Review: The Trees by Stan Weisleder

** This review is done in conjunction with SayWhatSavannahMae. Check out her website for promotional packages, tours and other amazing publicity **


The Trees

Stan Weisleder

General Fiction


The Trees is an epic novel told in Godfather fashion about a handful of childhood friends who make it out of the slums of Brooklyn and reunite as young adults during the years of mob-controlled Las Vegas. Lawrence “Mongoose” Cohen starts running numbers for local bosses while in high school, and eventually manages the gambling activities at the Desert Winds Hotel and Casino in Vegas. There he reunites with EuniceÑa teenage heartthrobÑwho’s now a showgirl known as “Venus.” She initially ignores him but softens after he’s almost killed in a car bombing. Haunted by Venus’s former involvement with underboss Tommy Di Meglio, Mongoose deals with Tommy, “makes his bones” against his would-be assassin, and becomes a “made man” as Las Vegas transforms into a legitimate entertainment mecca ready to do business with Macao in the new millennium.


Grade: A

The Trees is one of those books you just need to read to experience. Try as I might, I just can’t do it justice is a review. But I highly recommend it.

Each character is detailed and realistic, and it makes you wonder how much of this novel is based in fact (luckily you don’t have to wonder too hard, he gives us some info in the back). The characters are so likeable, that despite what happens in the scenes you really come to love these characters. The late 40s when the characters were growing up was such an interesting time. The mafia, the dialogue, the character of people was so different and so alive. The book is described to be told in “Godfather” style and they are so right. You can feel that same tone here, but even more so. The book allows us so much more than a movie or a TV show ever could.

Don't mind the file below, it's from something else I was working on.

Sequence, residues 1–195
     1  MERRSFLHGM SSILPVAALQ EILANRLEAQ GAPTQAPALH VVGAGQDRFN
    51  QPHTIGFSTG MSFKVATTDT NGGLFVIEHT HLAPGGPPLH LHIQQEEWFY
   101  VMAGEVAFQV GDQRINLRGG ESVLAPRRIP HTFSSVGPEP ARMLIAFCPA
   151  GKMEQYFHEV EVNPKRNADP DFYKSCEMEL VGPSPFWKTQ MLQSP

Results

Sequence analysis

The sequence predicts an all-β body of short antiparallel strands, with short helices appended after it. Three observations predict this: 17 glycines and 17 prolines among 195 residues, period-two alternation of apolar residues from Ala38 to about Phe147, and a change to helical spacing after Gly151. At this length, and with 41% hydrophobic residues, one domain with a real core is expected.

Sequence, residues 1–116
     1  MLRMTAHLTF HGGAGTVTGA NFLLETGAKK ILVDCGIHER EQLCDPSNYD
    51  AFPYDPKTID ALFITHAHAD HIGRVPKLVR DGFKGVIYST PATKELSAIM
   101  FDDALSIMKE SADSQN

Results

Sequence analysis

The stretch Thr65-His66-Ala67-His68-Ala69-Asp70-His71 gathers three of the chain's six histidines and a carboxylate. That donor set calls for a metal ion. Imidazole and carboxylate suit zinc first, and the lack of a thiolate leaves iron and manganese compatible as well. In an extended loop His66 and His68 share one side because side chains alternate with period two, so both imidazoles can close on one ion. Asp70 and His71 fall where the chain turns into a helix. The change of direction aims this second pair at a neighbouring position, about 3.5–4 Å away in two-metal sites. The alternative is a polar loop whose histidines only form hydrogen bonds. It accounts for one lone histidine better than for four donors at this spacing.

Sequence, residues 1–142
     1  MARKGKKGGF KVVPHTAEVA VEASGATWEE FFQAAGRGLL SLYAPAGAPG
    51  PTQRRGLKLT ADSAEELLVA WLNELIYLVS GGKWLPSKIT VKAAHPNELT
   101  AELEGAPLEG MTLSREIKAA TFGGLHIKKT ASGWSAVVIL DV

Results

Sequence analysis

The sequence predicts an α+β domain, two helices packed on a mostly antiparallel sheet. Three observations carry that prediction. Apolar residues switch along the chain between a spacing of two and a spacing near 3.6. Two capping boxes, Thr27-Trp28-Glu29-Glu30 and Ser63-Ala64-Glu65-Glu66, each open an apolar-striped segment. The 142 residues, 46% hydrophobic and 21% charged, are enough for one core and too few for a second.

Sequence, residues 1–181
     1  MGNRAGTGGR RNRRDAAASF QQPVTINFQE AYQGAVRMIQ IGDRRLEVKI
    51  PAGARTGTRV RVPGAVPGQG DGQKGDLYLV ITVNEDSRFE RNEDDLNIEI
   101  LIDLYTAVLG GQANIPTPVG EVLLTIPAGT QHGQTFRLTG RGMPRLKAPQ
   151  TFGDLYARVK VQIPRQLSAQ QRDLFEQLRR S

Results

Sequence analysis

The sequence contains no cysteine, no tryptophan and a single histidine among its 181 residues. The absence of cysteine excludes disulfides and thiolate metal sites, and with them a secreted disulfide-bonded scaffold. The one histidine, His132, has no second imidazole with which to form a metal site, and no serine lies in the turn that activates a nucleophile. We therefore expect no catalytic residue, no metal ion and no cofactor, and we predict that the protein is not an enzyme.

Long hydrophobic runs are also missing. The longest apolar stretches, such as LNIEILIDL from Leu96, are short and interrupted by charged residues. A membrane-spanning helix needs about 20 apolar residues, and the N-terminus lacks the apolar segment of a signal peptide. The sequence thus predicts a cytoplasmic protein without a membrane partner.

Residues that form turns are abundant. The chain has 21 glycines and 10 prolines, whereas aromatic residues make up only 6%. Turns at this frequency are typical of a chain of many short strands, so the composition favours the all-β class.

The language in the book was shocking, but not in a bad way, but in a way reminding us how different the world was, how many things were tolerated and commonplace. This book chronicles a changing society through the eyes of a changing group of Friends. Mo, Mongoose, Scumbag, Potcheese, Ringo and Eunice are such vibrant character, all searching, growing, and taking a stand. The brash impatience of youth to their later life, their careers, and all the while we watch these friendships grow and progress and strain to remain together despite the choices they make as individuals. This book is perfectly crafted, giving us the perfect sense of New York in the late 40s, and the development of the society as well as this group of friends.

The choices they make are so strong, and reflect so strongly in the the way the writer crafted each character. His build up to the dramatic points makes each one hurt a little bit more. We care for these friends, we care about the choices they make, and when they are all caught up in the mafia in one way or another we worry for them. The author takes us on an emotion, dramatic journey in this book, not without the humor and wit, and we love it. It’s an amazing read and the only thing better then the read?  The “To Be Continued” at the end of the book! We are going to be able to see more of this story. Thank goodness!

** I was given a copy of this book in exchange for an honest review. All opinions are my own **